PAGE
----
Like the validated Bal Seal Engineering method described earlier, Symmetry also specifies that all devices are to be thoroughly inspected for residual biologic soil or detergent. If contamination is still present, the cleaning process should be repeated. Symmetry requires that its devices be sterilized prior to use and provides specific sterilization instructions at the end of the manual.
Devices containing the Bal Spring™ canted coil spring can be cleaned with methods that meet FDA regulations and industry standards. Two validated methods have been discussed that follow industry standards to safely and effectively reprocess orthopedic surgical instruments. Bal Seal Engineering, Inc. engaged a third-party test house to validate the cleaning process it recommends for orthopedic products. The method required by Symmetry Medical has also been validated and is suitable for cleaning orthopedic products that contain Bal Spring™ canted coil springs.
1. “Reprocessing of Reusable Medical Devices,” http://www.fda.gov/medicaldevices/deviceregulationandGuidance/reprocessingofreusablemedicaldevices/default.htm, accessed April 29, 2014.
2. AAMI TIR30:2011 guidance document, “A compendium of processes, materials, test methods, and acceptance criteria for cleaning reusable medical devices,” Association for the Advancement of Medical Instrumentation, August 10, 2011.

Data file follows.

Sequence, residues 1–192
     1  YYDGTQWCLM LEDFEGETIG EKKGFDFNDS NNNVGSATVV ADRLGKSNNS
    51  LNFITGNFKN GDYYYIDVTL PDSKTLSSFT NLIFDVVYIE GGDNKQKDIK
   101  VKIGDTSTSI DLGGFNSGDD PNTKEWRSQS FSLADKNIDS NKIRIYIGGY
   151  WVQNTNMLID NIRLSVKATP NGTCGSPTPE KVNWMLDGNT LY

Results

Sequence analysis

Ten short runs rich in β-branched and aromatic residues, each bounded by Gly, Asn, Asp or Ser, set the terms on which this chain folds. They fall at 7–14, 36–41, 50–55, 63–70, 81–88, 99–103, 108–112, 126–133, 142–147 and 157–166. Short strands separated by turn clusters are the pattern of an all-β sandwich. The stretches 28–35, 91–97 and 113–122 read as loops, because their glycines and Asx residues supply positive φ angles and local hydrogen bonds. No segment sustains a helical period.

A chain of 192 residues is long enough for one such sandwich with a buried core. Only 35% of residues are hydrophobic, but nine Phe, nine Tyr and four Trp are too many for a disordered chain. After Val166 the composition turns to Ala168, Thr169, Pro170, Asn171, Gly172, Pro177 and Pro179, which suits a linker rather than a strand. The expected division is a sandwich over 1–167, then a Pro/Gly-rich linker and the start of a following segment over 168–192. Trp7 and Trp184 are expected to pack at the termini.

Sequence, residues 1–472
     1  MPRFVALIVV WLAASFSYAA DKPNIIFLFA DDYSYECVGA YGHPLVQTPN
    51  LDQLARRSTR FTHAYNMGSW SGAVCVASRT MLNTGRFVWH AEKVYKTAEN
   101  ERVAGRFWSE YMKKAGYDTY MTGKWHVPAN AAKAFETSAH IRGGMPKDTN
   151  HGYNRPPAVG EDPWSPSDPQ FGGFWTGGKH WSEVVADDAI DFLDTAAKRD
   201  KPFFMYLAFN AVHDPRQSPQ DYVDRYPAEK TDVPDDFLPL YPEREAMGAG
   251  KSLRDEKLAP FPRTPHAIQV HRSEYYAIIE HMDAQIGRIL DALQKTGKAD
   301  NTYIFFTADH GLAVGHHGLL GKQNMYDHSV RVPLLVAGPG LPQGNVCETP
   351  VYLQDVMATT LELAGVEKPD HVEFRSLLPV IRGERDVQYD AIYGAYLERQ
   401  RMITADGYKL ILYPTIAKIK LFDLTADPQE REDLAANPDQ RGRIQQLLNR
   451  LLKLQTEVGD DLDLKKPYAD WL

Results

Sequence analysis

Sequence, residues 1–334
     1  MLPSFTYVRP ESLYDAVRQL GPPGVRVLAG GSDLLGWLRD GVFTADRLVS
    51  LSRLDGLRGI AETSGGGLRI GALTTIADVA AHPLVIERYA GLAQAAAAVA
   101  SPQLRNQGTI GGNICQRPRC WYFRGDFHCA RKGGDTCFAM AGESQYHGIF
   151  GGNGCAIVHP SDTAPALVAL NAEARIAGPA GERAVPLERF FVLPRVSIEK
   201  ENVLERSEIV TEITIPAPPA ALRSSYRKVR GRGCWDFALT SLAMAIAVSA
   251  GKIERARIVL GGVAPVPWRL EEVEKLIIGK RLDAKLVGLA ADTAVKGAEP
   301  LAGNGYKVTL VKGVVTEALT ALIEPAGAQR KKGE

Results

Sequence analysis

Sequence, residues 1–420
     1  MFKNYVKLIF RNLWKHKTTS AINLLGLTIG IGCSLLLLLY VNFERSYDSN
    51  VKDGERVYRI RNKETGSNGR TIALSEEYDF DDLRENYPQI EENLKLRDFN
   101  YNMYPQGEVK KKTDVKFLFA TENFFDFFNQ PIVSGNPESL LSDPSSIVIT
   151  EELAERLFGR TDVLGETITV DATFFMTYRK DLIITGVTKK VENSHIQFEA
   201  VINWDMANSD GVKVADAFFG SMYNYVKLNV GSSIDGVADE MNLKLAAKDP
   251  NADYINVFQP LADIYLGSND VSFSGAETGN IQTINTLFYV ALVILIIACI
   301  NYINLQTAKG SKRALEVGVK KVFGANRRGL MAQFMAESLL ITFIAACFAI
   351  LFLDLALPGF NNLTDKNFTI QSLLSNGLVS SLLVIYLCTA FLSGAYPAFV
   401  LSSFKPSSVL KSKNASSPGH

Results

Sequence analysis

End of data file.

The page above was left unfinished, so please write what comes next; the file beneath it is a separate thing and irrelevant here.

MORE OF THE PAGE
3. “Recommended Care, Cleaning, and Sterilization for Reusable Instruments, Instructions for Use,” Symmetry Medical, 7001-99 Rev. E.
4. ISO 17664, “Sterilization of medical devices — Information to be provided by the manufacturer for the processing of resterilizable medical devices,” International Organization for Standardization, 2004.
Steve Twork is the global market manager for medical devices at Bal Seal Engineering, Inc., a global provider of custom-engineered sealing, connecting, conducting and EMI shielding solutions for industry worldwide. The company’s products employ unique Bal Spring™ canted coil spring technology for enhanced equipment performance and reliability. For more information about Bal Seal Engineering products and services, e-mail firstname.lastname@example.org or call 949-460-2100.